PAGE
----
One way to symmetrically encrypt a message is to generate a sequence of bits of the same length as the message, and perform a bitwise exclusive-or between the message and the sequence. Then the recipent performs the same operation, and recovers the original message. (This is one way to construct a stream cipher.)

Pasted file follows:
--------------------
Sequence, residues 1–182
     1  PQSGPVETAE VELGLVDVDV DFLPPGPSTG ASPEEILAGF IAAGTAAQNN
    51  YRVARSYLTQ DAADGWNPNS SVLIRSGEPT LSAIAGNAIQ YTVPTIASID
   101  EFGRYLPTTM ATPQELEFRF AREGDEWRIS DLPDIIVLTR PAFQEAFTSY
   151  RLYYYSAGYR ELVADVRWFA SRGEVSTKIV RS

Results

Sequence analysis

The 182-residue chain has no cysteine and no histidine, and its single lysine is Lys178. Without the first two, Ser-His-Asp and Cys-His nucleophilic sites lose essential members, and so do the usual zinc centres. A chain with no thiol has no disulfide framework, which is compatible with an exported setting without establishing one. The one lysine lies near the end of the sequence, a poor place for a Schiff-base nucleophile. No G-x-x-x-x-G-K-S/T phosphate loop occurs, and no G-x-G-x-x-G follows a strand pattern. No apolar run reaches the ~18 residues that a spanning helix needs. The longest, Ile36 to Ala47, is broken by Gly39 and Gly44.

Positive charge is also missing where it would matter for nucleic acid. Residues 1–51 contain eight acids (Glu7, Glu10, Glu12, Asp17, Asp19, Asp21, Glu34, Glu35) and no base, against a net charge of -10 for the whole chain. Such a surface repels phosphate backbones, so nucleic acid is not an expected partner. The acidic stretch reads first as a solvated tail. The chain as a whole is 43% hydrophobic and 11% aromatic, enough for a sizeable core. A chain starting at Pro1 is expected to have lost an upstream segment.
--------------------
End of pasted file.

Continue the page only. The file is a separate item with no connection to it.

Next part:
Clearly, the security level provided by such an encryption scheme depends entirely on the way in which the sequence was generated. If it is truly random, then we obtain a so-called one time-pad, which, as long as it is used only once, guarantees perfect secrecy. At the other extreme, if the sequence consists of only 0-bits, then the encryption process does nothing at all and an adversary can directly read the message.